Hi, I am having a very hard time installing our Rainier and Clek Fllo seats forward facing using the seat belt in the second row outside seats in our 2018 Odyssey. We have an infant seat taking up the middle seat using LATCH. The angle of the belt and the seats are not working together to get anywhere near a tight enough install. My son has outgrown the LATCH connectors at 40 pounds so I must install with the belts. I’ve seen elsewhere that I may need to purchase new seats entirely (Foonf, Frontier, or MyFit) to get a good install using the belts in this specific car. Can you weigh in? I would hate to spend money on a new seat when I’m already $800 in the hole on the seats we already have. Thank you!
Did you have any issue with the fact that the air vents in the back are down low on the door rather than up high on the ceiling? I just got a 2019 Odyssey – was it like that in the 2018 as well? My rear facing 1 year old seems to be getting hot quickly in the 95 degree TN weather because he isn’t getting any direct air!! It’s the most frustrating part I have found of the vehicle!
I’m trying to install a britax frontier clicktight in booster mode. I’m worried that the seatbelt has a weird angle since it is attached to the seat. It does not glide as easy to retract etc. Ever incounter this? Wish I could attach a picture.
Hello. We just purchased the 2018 Odyssey Elite. We went to put our Britax Advocate with ARB rear facing and found that we could not get a secure installation with the latch. We thought that was odd, but just used the seat belt. We have a baby on the way and just tried to install the Britax Endeavours base with the latch, but could not get that secure either. The latches get completely tight, but it seems like they need to be even tighter to get a secure installation. Are we doing something wrong? We have never had issues with this in other vehicles.
Hi Elyse, do you have the original (G4.1) Advocate? If so, one trick is to try routing the LATCH tightening strap to inside the shell through the slot where the main strap passes. Rather than pull the strap away from the carseat on the outside, you instead pull toward the center of the carseat to tighten as you compress the carseat into the vehicle seat cushion. That sometimes gives you not only a little more leverage, but also lets you pull it a little tighter than you otherwise could.
If you have the newer Advocate ClickTight, we recommend you use the seatbelt for installation instead of LATCH on this model. The ClickTight system is almost always preferred over LATCH when available.
Hi there! I’m trying to figure out if there is a tether point (floor or ceiling) for rear-facing convertible car seats. I can’t find one noted in the users manual. I found some posts online referencing older models where people tethered rear facing seats to the front seats or installation points on the console between the driver and front passenger seats but that seems crazy to me. Am I just missing something? Thanks in advance!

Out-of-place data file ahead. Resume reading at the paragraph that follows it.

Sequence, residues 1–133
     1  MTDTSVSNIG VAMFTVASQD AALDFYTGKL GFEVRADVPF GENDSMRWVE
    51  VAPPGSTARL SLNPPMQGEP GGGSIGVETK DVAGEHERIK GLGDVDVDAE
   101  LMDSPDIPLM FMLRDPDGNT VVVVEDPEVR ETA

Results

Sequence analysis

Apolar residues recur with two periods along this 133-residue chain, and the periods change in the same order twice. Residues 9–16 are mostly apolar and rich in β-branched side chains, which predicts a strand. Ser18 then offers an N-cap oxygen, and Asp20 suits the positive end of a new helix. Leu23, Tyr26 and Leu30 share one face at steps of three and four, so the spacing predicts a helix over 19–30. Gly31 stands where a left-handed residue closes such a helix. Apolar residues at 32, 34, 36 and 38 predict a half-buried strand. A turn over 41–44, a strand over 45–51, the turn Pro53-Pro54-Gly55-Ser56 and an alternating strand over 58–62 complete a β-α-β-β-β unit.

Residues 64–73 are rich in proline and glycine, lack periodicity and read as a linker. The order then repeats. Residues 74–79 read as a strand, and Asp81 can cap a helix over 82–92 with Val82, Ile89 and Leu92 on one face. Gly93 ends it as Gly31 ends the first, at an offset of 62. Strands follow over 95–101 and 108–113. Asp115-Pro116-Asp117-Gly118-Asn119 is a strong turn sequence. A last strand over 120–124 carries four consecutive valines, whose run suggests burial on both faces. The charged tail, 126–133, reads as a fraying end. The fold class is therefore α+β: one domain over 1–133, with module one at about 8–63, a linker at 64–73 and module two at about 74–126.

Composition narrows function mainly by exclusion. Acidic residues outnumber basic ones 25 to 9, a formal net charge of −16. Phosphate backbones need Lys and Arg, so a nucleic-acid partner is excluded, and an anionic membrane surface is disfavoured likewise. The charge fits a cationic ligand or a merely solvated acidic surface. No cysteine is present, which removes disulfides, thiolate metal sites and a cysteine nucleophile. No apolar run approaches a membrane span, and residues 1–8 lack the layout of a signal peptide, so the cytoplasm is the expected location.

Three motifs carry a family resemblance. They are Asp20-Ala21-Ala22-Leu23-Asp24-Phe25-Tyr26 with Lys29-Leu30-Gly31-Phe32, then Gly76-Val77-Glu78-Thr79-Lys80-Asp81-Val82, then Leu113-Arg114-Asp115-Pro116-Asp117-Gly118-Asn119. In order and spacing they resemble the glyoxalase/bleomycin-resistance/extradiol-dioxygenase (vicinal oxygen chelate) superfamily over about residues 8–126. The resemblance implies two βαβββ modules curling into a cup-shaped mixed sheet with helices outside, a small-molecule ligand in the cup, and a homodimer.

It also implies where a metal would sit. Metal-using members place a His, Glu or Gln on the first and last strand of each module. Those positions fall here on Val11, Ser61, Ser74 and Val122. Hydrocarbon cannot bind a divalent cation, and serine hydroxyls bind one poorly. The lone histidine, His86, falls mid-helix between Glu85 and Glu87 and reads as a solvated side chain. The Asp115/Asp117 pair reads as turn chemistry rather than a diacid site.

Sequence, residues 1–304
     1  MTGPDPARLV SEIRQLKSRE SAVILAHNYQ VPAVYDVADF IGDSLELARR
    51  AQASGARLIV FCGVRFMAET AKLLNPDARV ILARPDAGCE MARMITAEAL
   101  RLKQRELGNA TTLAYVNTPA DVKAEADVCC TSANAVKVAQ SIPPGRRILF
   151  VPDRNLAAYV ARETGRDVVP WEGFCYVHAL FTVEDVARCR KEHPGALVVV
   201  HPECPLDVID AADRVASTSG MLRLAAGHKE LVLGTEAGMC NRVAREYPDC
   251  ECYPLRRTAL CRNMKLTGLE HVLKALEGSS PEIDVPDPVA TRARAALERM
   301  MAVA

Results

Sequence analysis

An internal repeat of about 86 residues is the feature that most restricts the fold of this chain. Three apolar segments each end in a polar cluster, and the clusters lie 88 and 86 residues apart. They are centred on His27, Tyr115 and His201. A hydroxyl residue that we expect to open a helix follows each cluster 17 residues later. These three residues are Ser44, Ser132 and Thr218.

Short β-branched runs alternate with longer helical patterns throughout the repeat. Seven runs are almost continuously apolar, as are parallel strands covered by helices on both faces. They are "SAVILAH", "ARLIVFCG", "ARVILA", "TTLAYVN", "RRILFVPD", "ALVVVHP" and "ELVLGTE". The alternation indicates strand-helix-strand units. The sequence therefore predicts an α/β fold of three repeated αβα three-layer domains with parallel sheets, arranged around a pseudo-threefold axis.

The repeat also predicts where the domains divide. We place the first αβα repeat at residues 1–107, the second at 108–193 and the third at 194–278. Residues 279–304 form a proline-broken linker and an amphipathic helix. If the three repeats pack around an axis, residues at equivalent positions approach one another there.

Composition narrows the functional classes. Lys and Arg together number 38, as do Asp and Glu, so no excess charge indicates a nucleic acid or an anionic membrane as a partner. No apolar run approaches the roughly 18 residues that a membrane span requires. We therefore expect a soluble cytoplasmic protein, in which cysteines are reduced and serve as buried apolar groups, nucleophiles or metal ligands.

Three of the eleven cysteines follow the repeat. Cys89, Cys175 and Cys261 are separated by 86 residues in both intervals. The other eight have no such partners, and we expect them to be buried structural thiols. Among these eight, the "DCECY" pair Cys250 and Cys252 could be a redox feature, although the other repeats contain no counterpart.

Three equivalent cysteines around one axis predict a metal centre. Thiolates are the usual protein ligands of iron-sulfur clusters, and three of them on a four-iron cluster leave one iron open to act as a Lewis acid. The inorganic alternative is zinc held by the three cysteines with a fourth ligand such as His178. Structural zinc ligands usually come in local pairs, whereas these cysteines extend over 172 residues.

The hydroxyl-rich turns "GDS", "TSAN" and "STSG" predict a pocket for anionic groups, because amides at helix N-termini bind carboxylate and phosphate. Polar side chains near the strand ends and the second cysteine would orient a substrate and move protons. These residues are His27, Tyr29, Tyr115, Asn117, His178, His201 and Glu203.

In the USA, vehicles do not have dedicated tether anchors for rear-facing carseats. The few carseats that allow rear-facing tethering include an accessory attachment strap and some instructions with suggestions on where to attach it. Manufacturers like Briax no longer even allow their tethers to be used rear-facing. Newer models sometimes have an anti-rebound bar or feature that may provided a similar benefit as a rear-facing tether. Because of this shift in the last few years, I generally no longer indicate possible rear-facing tether locations in my vehicle reviews. If you have a carseat that allows the use of a tether rear-facing, you might try some of my older reviews that may have photos or video with ideas. This article is somewhat obsolete, but the images at the bottom may help you: https://carseatblog.com/12749/
Regarding the 3rd row, do you think 3 forward facing convertible (harnessed) seats would fit back there? Or do you think one would have to be a booster? Thank you!
Hi Katie, I did not try 3-across harness seats in the back row. I’d say there is a small chance you could fit 3 very narrow models like a Clek Fllo or Diono R100 but it would likely involve difficulty if it worked at all. I’d definitely check to see if you can find a report of someone who has done this successfully before ordering pricey models and make sure there’s a free return policy! My thinking is that with two narrow harnessed seats, even a very narrow booster might be hard to buckle for a younger child in the third row as there will be limited space for hands.
Depending on how many children you have, you can certainly find combinations of harnessed seats that work 3-across in the middle, and you could put something like a IMMI Go harness/booster seat on one side to allow for easier access to the third row if necessary.